A week of specially promising dance events includes: the Adaptors Movement Theatre in a continuing run at Baltimore's Theatre Project, today and resuming Wednesday through Nov. 22; the adventurous Pilobolus Dance Theatre, one night only, Thursday at the Warner; the African Heritage Dancers & Drummers annual festival, this year including American Indian, Cambodian, Hispanic, Hawaiian and African-American troupes, Friday through Sunday; the Middle East dance company of New York's Ramzi El-Edlibi at Ellington School Saturday night; and a shared program by three Washington troupes, the Spanish Dance Society, D.C. Contemporary Dance Theater and KanKouran, at Dance Place Saturday night and Sunday afternoon.


John Boorman writes and directs "Hope and Glory," a masterpiece of a human comedy based on his own boyhood memories of growing up in a London suburb during the blitz. Sebastian Rice Edwards, an 8-year-old actor, plays the leading role, with Sarah Miles in a lovely performance as his mother. There's not a false moment in this delicately balanced, often hilarious memoir, a celebration of being alive and being a child even at wartime. It recalls the sweetness of "My Life as a Dog" and the human spirit of "The Night of the Shooting Stars." And as with a good book, you hate to see it end.


Diabetes is no laughing matter, but the comedians joining forces to raise funds for research are. Monty Python's Graham Chapman, Franklin Ajaye, Kip Adotta, Tom Parks and some special guests are at the Warner tonight.

French jazz violinist Jean-Luc Ponty, at the Warner on Tuesday.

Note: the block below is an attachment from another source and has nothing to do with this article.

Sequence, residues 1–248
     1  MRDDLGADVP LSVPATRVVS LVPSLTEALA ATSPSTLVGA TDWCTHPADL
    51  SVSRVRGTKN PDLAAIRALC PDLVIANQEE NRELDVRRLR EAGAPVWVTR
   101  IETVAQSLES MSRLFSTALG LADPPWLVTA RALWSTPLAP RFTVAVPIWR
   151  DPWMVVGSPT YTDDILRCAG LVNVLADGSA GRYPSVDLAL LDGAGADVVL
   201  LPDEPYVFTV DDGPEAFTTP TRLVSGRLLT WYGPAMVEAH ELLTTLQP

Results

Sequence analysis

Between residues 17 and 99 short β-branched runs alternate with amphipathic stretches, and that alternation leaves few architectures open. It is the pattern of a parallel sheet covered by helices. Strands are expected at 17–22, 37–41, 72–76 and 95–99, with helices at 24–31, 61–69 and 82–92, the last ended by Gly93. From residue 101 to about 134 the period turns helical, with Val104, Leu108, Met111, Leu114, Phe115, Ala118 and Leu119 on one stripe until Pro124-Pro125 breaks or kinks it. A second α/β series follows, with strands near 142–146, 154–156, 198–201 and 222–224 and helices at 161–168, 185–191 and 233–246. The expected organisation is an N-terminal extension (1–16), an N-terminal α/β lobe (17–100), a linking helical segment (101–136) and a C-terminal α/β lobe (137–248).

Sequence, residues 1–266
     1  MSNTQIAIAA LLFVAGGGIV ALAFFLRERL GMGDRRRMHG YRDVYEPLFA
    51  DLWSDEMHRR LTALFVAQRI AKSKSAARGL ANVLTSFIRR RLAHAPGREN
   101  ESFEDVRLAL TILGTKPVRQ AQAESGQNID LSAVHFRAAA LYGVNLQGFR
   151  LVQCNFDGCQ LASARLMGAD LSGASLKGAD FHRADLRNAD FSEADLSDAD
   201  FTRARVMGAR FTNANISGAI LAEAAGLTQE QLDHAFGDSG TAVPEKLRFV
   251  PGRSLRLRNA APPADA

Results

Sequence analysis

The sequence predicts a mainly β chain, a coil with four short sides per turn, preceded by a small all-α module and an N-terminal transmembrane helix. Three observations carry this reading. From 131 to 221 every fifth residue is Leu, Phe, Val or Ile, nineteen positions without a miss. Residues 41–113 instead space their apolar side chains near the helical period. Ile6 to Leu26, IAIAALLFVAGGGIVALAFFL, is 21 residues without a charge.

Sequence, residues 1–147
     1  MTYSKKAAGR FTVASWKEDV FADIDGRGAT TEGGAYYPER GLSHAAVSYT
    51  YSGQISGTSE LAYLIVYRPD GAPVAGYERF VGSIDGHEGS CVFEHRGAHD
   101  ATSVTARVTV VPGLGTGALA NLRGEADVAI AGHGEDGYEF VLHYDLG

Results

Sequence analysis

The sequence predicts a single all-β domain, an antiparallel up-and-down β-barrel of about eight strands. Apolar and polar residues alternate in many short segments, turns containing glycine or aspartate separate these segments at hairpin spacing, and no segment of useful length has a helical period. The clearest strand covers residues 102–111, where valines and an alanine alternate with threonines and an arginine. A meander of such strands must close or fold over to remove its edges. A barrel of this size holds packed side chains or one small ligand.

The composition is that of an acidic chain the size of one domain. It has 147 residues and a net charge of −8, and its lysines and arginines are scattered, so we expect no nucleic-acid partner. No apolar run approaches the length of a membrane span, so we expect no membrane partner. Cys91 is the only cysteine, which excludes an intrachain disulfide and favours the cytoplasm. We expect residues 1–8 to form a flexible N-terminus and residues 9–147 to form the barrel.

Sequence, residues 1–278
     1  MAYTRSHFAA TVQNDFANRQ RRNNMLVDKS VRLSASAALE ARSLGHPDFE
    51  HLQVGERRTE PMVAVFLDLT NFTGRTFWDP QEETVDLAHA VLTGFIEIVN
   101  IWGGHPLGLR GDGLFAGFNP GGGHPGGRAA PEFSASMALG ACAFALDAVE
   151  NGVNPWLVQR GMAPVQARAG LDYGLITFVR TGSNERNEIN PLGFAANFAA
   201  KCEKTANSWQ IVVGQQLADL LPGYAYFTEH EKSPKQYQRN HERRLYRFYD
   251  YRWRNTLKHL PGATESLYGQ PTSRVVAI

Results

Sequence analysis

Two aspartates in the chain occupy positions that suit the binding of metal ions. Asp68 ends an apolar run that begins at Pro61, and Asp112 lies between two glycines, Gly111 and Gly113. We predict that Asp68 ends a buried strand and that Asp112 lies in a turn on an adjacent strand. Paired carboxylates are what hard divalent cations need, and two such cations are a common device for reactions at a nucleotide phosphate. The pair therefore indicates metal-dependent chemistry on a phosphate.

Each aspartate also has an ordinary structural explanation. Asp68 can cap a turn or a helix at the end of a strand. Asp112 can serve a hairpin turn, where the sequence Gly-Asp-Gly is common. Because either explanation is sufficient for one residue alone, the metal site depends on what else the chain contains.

Simply Red is the red-headed British version of blue-eyed soul, while Danny Wilson is an '80s update on Steely Dan. At Lisner on Tuesday.

Legendary jazz trombonist J.J. Johnson, at Blues Alley on Tuesday.

Celtic harpist Alan Stivell, at the Birchmere on Wednesday.

The exiled Chilean folk ensemble Inti-Illimani performs Wednesday at the Duke Ellington High School auditorium.

Cleveland's Pere Ubu reunite (which means David Thomas is back singing leads). At the 9:30 on Thursday.

Squeeze's Difford and Tillbrook may not be the Lennon and McCartney of the '80s, but they'll do. With the Silencers at Constitution Hall on Thursday.

Jack DeJohnette's Special Edition is one of the fine jazz ensembles of these times, but the members rarely get to play together. Fortunately, they'll do just that Thursday through Sunday at Blues Alley.

They're Washington's sweethearts, they've been in People, and their future's so bright they've got to wear shades -- Betty, at Lisner Friday and Saturday.

During the summer, they wowed everybody with their brief spots during Paul Simon's Graceland concert; now they're back on their own -- Ladysmith Black Mambazo, the exquisite nine-person a cappella ensemble from South Africa perform at the Warner on Saturday.

Pioneer black gospel composer Professor Alex Bradford is honored via an afternoon symposium and an evening concert by the Greater Abyssinian Baptist Church Choir and Alberta Carter Bradford, Saturday at Baird Auditorium.


This week make a trip to theaters out of the downtown area (you can check out the leaves on the way). There's an involving production of Athol Fugard's antiapartheid "The Blood Knot" at Alexandria's American Showcase Theatre; last year's Helen Hayes award-winning musical "Quilters" is being reprised at the Castle Arts Center; and out at the Olney Theatre, Michael Frayn's exuberantly zany "Noises Off" returns to cap the season.